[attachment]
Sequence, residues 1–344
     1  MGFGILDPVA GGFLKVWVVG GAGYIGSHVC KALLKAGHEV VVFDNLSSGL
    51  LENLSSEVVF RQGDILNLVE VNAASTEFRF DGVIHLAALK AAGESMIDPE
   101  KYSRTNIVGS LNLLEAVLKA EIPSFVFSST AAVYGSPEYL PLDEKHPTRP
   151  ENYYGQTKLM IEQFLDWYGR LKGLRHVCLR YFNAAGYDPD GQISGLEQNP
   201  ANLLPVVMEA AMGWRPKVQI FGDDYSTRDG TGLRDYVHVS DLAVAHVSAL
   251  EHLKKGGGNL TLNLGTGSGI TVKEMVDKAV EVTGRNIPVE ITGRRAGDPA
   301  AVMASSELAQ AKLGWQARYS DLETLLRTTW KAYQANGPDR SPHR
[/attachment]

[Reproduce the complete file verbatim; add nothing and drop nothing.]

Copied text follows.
Sequence, residues 1–344
     1  MGFGILDPVA GGFLKVWVVG GAGYIGSHVC KALLKAGHEV VVFDNLSSGL
    51  LENLSSEVVF RQGDILNLVE VNAASTEFRF DGVIHLAALK AAGESMIDPE
   101  KYSRTNIVGS LNLLEAVLKA EIPSFVFSST AAVYGSPEYL PLDEKHPTRP
   151  ENYYGQTKLM IEQFLDWYGR LKGLRHVCLR YFNAAGYDPD GQISGLEQNP
   201  ANLLPVVMEA AMGWRPKVQI FGDDYSTRDG TGLRDYVHVS DLAVAHVSAL
   251  EHLKKGGGNL TLNLGTGSGI TVKEMVDKAV EVTGRNIPVE ITGRRAGDPA
   301  AVMASSELAQ AKLGWQARYS DLETLLRTTW KAYQANGPDR SPHR